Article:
Across the nation, alarming numbers of Black males, particularly those from low-income inner-city neighborhoods, are dropping out of schools in record numbers.  According to national reports , graduation rates for Black males hover between 38% and 42%.  Even in cities like New York and Atlanta where graduation rates have increased, graduation rates for Black males have largely remained stagnant. From 1973 to 1977 there was a steady increase in African-American male enrollment in college; however, since 1977 there has been a sharp and continuous decline. The problem is so pervasive and intractable that a growing number of policy makers and commentators have described the Black male dropout problem as a crisis.

Closer analysis of the drop out crisis reveals that it is actually a symptom of a much larger problem. On every performance indicator related to academic success—performance on standardized tests, grades, college entrance exams, etc.—Black males are under-represented, and on those indicators related to failure they are overwhelmingly over-represented. Nationally, Black males are more likely than any other group to be suspended and expelled from school. Black males are also more likely to be classified as mentally retarded or to be identified as learning disabled and placed in special education. They are also more likely to be absent from gifted and talented programs and advanced placement and honors courses. In contrast to most other groups, where males commonly perform at higher levels in math and science related courses, the reverse is true for Black males.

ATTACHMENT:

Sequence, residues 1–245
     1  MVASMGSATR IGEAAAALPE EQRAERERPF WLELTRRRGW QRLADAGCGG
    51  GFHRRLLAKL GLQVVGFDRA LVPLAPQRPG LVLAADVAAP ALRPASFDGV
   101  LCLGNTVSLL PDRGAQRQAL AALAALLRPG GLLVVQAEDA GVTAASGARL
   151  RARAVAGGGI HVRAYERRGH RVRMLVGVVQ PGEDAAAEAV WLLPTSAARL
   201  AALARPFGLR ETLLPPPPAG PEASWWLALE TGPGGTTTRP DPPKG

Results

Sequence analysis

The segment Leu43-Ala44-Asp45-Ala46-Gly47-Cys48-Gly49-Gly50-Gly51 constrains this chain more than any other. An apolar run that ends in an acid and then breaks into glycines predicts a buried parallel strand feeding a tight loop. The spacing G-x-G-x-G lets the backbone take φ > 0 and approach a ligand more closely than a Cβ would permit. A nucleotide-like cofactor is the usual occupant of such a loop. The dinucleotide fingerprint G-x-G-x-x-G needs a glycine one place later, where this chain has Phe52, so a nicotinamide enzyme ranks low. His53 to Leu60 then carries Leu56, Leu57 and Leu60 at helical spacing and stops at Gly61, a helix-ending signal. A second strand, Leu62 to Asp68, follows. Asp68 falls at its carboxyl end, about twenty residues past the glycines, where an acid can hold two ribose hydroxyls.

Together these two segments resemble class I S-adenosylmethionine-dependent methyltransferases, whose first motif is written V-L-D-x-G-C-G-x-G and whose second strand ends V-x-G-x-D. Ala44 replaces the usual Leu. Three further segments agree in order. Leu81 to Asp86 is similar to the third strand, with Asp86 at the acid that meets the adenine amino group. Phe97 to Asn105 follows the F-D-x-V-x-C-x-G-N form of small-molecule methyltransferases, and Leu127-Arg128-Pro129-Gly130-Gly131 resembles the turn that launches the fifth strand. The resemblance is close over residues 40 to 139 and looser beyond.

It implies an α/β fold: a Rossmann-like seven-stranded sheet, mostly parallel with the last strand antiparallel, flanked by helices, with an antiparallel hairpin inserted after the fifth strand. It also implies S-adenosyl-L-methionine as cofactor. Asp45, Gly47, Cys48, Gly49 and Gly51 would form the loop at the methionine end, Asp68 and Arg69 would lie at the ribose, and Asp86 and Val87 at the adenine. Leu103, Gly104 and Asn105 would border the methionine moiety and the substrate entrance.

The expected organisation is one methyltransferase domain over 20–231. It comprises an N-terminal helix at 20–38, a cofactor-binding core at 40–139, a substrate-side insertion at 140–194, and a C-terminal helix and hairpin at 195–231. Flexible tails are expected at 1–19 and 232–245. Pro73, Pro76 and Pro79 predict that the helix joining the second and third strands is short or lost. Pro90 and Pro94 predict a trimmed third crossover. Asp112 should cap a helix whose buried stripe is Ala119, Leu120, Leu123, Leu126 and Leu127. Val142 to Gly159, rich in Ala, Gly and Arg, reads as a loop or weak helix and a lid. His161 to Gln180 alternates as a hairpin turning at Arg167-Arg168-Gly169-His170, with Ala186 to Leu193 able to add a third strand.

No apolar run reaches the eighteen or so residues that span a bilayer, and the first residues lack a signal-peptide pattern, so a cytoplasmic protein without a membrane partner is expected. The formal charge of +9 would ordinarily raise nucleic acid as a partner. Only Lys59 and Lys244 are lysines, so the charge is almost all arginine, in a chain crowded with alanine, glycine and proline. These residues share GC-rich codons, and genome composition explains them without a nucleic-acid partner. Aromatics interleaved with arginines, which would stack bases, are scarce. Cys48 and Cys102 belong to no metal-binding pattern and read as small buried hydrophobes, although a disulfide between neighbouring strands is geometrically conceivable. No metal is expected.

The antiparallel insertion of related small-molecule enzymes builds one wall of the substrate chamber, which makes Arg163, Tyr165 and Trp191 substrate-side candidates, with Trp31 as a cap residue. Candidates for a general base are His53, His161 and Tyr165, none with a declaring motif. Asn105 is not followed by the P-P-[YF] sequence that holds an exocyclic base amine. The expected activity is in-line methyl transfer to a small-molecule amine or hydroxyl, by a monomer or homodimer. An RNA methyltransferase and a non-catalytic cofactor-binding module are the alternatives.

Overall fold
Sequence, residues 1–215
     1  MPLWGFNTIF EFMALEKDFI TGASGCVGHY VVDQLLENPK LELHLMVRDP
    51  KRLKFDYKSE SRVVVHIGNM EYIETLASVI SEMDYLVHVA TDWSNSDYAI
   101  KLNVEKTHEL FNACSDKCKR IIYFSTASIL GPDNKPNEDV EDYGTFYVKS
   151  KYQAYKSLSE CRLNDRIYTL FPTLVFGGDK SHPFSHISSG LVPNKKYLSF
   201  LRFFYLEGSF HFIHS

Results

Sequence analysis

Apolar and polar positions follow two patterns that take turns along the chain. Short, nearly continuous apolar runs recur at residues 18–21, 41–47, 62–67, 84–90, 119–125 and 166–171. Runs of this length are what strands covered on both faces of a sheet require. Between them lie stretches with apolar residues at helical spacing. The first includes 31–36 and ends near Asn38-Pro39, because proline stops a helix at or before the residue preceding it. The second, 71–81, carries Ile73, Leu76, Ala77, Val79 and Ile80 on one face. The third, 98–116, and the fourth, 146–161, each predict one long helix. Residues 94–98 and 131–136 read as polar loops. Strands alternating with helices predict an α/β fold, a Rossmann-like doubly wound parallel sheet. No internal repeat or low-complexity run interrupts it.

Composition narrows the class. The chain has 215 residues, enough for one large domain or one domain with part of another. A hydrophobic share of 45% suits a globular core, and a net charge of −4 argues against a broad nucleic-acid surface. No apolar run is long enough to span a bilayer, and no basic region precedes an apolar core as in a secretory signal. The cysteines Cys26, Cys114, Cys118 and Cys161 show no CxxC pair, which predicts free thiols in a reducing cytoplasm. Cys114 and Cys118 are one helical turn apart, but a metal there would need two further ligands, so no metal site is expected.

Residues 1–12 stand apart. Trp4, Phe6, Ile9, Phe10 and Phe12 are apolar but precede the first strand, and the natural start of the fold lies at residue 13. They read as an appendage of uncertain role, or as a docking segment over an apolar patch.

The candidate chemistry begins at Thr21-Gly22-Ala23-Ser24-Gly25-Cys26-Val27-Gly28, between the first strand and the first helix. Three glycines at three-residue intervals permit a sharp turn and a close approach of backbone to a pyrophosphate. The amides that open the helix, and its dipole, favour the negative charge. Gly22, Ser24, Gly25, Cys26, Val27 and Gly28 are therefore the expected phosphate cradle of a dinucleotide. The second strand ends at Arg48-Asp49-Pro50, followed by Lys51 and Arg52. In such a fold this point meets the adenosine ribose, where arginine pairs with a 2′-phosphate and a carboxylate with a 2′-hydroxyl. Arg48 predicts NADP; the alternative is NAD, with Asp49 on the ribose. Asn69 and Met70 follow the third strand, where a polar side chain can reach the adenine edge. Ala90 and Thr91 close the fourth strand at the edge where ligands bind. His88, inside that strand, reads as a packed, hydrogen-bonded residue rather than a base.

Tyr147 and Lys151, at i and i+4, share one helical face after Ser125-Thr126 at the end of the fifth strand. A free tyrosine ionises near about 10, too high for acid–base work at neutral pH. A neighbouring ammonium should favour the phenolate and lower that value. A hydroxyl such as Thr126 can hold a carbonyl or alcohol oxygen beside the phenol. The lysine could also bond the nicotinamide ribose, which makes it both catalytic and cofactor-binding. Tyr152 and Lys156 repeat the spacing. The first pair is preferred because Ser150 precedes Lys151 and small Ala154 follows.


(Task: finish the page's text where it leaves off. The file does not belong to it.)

The educational challenges confronting Black males profoundly influence the types of opportunities that are available to them later in life. Today, Black males between the ages of eighteen and twenty-four are the only segment of the population with larger numbers in prison than in college; they are also the only segment of the US population with a declining life expectancy.

Given the broad array of challenges confronting Black males, it is essential that we begin to find ways to increase the number of Black males who are succeeding in school and who are able to avoid the pitfalls and hardships that beset so many others.

For the last few years the Schott Foundation has emerged as a leader in drawing attention to the educational challenges confronting Black males.  Now it is stepping forward to lead the way to create an Interactive Black Boys Report that will serve as a tool for policy makers and educators to take action.  

Bernanke:Educational Differences,Two Societies

Greg Jobin-Leeds is Chair of the Board of the Schott Foundation for Public Education and is Founding Partner of the Partnership for Democracy and Education